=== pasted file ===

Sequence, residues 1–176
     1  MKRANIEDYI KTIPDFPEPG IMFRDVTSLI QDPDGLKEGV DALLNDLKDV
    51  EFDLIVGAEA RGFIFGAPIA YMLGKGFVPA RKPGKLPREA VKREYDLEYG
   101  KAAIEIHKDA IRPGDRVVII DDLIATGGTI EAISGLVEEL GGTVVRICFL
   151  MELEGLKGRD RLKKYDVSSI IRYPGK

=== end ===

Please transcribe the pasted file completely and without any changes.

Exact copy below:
Sequence, residues 1–176
     1  MKRANIEDYI KTIPDFPEPG IMFRDVTSLI QDPDGLKEGV DALLNDLKDV
    51  EFDLIVGAEA RGFIFGAPIA YMLGKGFVPA RKPGKLPREA VKREYDLEYG
   101  KAAIEIHKDA IRPGDRVVII DDLIATGGTI EAISGLVEEL GGTVVRICFL
   151  MELEGLKGRD RLKKYDVSSI IRYPGK